What it is: Ribollita is a hearty, Italian, winter vegetable soup, thickened with bread.
Where it comes from: The soup is a specialty of Tuscany. The name means “reboiled,” referring to the reheating process the soup undergoes. It originated in the Middle Ages, when feudal nobles banqueted using rounds of bread as plates. At the end of the meal, their servants gathered up the meat-soaked flatbreads and boiled them with whatever vegetables they could find to make their own meal.
What to do with it: Chef Tony Priolo of Piccolo Sogno in West Town learned to make this dish from the late Delfina Cioni, who cooked until she was in her 90s at her Da Delfina restaurant in Artimino, Italy. “I serve it as a tribute to her in the fall and winter months,” he says. In Cioni’s unique variant, the bread-thickened soup is triple cooked until it forms a crispy crust.
Start the soup at least one day before you intend to serve it.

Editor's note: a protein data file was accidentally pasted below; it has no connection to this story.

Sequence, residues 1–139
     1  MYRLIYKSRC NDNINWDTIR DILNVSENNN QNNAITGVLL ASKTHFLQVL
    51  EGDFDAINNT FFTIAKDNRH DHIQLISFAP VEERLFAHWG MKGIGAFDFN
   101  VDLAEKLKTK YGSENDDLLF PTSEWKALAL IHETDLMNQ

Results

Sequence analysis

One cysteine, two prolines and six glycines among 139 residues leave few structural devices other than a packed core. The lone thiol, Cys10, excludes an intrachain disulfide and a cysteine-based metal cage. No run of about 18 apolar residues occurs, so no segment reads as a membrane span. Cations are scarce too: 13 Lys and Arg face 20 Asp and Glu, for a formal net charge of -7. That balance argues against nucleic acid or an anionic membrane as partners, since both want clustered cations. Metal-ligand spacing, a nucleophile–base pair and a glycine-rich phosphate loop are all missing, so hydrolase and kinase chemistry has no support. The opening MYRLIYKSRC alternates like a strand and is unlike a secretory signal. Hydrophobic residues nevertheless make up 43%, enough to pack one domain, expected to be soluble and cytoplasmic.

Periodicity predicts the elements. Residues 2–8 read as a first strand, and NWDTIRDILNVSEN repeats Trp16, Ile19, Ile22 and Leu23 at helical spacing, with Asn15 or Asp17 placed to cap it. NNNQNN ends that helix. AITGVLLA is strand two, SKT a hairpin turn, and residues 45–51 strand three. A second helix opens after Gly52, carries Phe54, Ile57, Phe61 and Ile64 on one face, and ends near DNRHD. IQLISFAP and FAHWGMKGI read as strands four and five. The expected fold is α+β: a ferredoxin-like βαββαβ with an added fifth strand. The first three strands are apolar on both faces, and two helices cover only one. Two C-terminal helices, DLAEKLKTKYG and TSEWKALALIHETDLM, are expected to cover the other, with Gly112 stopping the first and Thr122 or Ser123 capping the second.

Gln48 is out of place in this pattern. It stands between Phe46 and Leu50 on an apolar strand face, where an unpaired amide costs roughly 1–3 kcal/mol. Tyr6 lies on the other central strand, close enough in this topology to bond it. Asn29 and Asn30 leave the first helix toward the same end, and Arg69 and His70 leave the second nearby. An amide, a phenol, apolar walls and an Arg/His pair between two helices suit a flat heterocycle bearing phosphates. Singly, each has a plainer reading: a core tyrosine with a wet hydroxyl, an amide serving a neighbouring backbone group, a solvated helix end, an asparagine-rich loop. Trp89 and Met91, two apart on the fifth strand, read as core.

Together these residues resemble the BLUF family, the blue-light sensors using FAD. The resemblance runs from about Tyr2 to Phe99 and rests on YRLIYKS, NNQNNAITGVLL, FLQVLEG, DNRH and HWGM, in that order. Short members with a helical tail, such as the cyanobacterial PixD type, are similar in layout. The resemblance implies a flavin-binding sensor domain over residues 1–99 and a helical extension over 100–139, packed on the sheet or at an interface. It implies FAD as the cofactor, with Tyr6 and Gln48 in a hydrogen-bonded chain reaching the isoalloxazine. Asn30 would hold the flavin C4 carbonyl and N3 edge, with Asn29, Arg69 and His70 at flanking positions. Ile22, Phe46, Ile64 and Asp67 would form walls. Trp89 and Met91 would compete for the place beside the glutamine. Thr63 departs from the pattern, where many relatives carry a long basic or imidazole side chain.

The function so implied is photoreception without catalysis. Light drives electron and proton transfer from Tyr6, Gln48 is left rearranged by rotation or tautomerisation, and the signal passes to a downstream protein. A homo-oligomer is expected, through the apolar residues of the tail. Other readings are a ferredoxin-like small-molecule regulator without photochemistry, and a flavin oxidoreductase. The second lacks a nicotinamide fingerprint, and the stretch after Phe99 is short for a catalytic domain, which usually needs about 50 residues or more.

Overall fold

Piccolo Sogno’s La ribollita
Tuscan thrice-cooked bread and vegetable ‘soup’
Chef Tony Priolo
1/4 cup olive oil
1 carrot, diced
1 red onion, diced
2 ribs celery, diced
4 ounces cauliflower florets, diced
4 ounces savoy cabbage, diced
1 leek (white part only), washed and diced
1 bunch cavalo nero (black cabbage), cleaned and chopped
1 potato, peeled and diced
Sea salt and black pepper to taste
1/4 cup cooked white beans
1 14-ounce can San Marzano tomatoes, crushed
1 quart chicken broth
1 large sprig rosemary
1 to 2 large sprigs thyme
Peel of 1 orange
1 teaspoon black peppercorns
1 pound Italian peasant bread-diced and oven-dried
Extra-virgin olive oil, preferably Tuscan
In a soup pot over high heat, heat half the olive oil, and add all the vegetables. Season with salt and pepper. Stirring occasionally, cook until the vegetables are semi soft.
Add the cooked white beans and the crushed tomatoes with the juice. Cook 3 minutes and then add the chicken broth. Taste and adjust the seasoning. Tie in a piece of cheese cloth the rosemary, thyme, orange peel and peppercorns to make a bouquet garni and add to the pot. Bring to a boil and then turn down a simmer for 1 hour.
Refrigerate overnight. The next day, bring the soup to a boil, and stirring constantly, add all the bread until the soup becomes very thick, like a stuffing. Set aside.
Heat a little olive oil in a large nonstick saute pan, and add the bread soup. Brown on both sides and serve immediately, garnished with a drizzle of extra-virgin olive oil. 10 servings.